|Scientific Name:||Zostera marina|
|Red List Category & Criteria:||Least Concern ver 3.1|
|Assessor(s):||Short, F.T., Carruthers, T.J.R., Waycott, M., Kendrick, G.A., Fourqurean, J.W., Callabine, A., Kenworthy, W.J. & Dennison, W.C.|
|Reviewer(s):||Livingstone, S., Harwell, H. & Carpenter, K.E.|
This species is widespread, circumglobal in the Northern hemisphere. There have been documented localized declines in parts of the range, but not sufficient to warrant placement in a threatened category. Zostera marina is listed as Least Concern.
|Range Description:||Zostera marina is widespread and circumglobal in northern latitudes, found throughout the north Atlantic and north Pacific and in the Mediterranean and Black Seas. Zostera marina extends into the Arctic in Alaska, Canada, Greenland, and northern Europe and to the tropics in Baja California, Mexico.|
Native:Algeria; Bulgaria; Canada; China; Denmark; Estonia; Finland; France; Germany; Greece; Greenland; Iceland; Ireland; Italy; Japan; Korea, Democratic People's Republic of; Korea, Republic of; Latvia; Libya; Lithuania; Mexico; Morocco; Netherlands; Norway; Poland; Portugal; Romania; Russian Federation; Spain; Sweden; Tunisia; Turkey; Ukraine; United Kingdom; United States
|FAO Marine Fishing Areas:||
Arctic Sea; Atlantic – eastern central; Atlantic – northeast; Atlantic – northwest; Atlantic – western central; Mediterranean and Black Sea; Pacific – eastern central; Pacific – northeast; Pacific – northwest
|Range Map:||Click here to open the map viewer and explore range.|
There are regions of large scale decline for Zostera marina (wasting disease and major pollution threats), areas where there has been no decline and the population is thriving, and areas of complete disappearance. This species is a widespread and dominant species, usually monospecific meadows. It has declines mostly in developed and populated areas in Europe and North America.
Ongoing restoration efforts since the 1940s in Europe and North America transplanted to re-establish populations of eelgrass in part of their former range from which they had been extirpated.
There has been a global decline of area covered by Zostera marina by 1.4% per year based on 126 documented changes in area that have been conducted over a 10 year period from 1990-2000.
|Habitat and Ecology:||
In Scandinavia and UK, this is the most widely distributed seagrass, dominates sandy and muddy sediments in coastal areas of low to moderate wave exposure. In southernmost Sweden it flourishes on stony and sandy bottoms at 2-4 m depth. It has a wide salinity tolerance of 5-35 ppt. In the western Baltic Sea it occurs along exposed sandy shores and in long bays and shallow lagoons with reduced water exchange and muddy substrate. Has a facultative mutualism with blue mussels (Mytilus edulis) in shallow waters (1-3 m depth).
This species is commonly grazed by isopods (Idotea spp.) and snails (Hydrophobia spp., Littorina spp.). It is also consumed by birds, especially Mute Swans (Cygnus olor) in shallow lagoons.
This is a relict species in the Mediterranean, where it forms perennial meadows distributed from the intertidal to a few meters deep. In the Black Sea, Z. marina is found in pure and mixed stands from 0.5-15 m depth on silty-sandy substrates. It has 80-100% cover in its beds and shoot density of 988/m². It has 115 species of macroalgae associated with it (Milchakova 1999). Zostera marina occurs regularly in coastal lagoons of the western Mediterranean (Laugier et al. 1999) where it is often found with Z. noltii.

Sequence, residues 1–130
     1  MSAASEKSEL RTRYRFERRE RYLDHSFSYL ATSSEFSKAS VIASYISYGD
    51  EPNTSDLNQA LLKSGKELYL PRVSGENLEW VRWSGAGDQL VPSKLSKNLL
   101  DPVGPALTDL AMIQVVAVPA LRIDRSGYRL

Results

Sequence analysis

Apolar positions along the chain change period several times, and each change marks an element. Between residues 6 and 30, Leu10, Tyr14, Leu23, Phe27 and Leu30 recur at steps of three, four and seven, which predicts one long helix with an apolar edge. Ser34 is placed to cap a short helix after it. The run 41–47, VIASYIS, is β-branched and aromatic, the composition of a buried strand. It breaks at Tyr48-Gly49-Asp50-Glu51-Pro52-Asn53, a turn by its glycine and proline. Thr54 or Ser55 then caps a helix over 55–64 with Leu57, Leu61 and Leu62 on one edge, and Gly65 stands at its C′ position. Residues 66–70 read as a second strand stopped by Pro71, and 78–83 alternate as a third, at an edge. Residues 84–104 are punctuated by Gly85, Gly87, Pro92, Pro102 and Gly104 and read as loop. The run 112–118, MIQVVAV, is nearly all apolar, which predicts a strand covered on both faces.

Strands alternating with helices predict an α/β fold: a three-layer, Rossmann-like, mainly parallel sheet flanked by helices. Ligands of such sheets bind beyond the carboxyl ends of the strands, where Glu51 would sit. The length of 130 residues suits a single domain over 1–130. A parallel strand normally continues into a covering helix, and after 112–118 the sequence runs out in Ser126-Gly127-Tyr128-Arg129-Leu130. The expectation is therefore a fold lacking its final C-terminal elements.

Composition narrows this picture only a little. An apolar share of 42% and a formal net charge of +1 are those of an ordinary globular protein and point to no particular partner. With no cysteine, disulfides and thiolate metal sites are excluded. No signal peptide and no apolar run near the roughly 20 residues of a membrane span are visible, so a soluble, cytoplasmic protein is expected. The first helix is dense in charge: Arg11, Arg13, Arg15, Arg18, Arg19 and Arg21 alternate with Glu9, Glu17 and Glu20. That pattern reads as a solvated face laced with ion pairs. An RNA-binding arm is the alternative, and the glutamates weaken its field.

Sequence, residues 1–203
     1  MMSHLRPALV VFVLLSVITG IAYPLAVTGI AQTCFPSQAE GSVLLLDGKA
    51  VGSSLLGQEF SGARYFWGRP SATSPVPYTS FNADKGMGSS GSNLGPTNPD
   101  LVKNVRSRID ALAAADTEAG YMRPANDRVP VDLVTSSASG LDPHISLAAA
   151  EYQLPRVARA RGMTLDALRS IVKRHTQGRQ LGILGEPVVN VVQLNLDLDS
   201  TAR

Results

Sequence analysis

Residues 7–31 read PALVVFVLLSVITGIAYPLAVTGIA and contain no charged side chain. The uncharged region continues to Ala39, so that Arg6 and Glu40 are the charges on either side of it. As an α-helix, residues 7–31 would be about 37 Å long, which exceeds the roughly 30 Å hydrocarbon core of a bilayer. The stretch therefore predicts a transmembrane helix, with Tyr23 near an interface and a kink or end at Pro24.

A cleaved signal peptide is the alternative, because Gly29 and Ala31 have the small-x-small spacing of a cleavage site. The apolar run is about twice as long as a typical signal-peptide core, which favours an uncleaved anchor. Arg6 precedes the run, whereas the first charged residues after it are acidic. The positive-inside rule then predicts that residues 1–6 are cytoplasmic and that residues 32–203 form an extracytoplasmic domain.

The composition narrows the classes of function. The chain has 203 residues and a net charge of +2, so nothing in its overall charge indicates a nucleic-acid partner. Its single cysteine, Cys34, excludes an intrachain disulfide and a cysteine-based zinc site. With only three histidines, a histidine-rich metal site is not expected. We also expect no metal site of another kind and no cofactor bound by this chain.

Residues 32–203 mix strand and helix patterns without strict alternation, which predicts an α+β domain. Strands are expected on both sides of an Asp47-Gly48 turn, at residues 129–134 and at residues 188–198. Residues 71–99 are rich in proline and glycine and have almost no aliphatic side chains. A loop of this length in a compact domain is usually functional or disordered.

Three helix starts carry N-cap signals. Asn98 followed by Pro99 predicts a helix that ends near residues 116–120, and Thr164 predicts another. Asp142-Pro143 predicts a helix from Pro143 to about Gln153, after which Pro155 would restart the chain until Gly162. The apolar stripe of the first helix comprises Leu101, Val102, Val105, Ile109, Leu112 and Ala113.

In Japan, occurs in the shallowest parts of subtidal beds, mostly between 1-5 m deep, but in some places down to 10 m. Flowering and fruiting seasons vary by 2-4 months across Japan, with early flowering and fruiting observed at lower latitudes. In South Korea, appears at the intertidal and subtidal zones, where the water depth is usually less than 5 m, and forms relatively large meadows and can be observed in both muddy and sandy sediments. It accounts for about 90% of total seagrass coverage in Republic of Korea.
Zostera marina is the dominant species in terms of biomass and habitats in the Pacific coast of North America, where it grows in the shallow waters of the continental shelf, the Gulf of California, coastal lagoons, estuaries and coastal fjords. Can co-mingle with Zostera japonica in the Pacific Northwest and Ruppia maritima in Baja California. Overwhelmingly dominant seagrass in coastal and estuarine areas of the western North Atlantic, found in both intertidal and subtidal areas, from a depth of +2 m to -12 m mean sea level. Distribution ranges from the protected low-salinity (5 ppt) waters of inner estuaries and coastal ponds to high-energy locations fully exposed to the Gulf of Maine and the North Atlantic with salinity of 36 psu (Green and Short 2003).
|Use and Trade:||This species is used in research, chemical manufacturing, for fibre and construction materials, as well as for food.|
|Major Threat(s):||There have been local declines in many regions due to loss of water clarity from sedimentation, coastal development and wasting disease. Nutrient loading from runoff has also resulted in some local declines.|
|Conservation Actions:||There are no specific conservation measures in place for this species, but it has general protection under coastal habitat conservation laws and where it occurs in protected areas.|
|Citation:||Short, F.T., Carruthers, T.J.R., Waycott, M., Kendrick, G.A., Fourqurean, J.W., Callabine, A., Kenworthy, W.J. & Dennison, W.C. 2010. Zostera marina. The IUCN Red List of Threatened Species. Version 2014.3. <www.iucnredlist.org>. Downloaded on 26 January 2015.|
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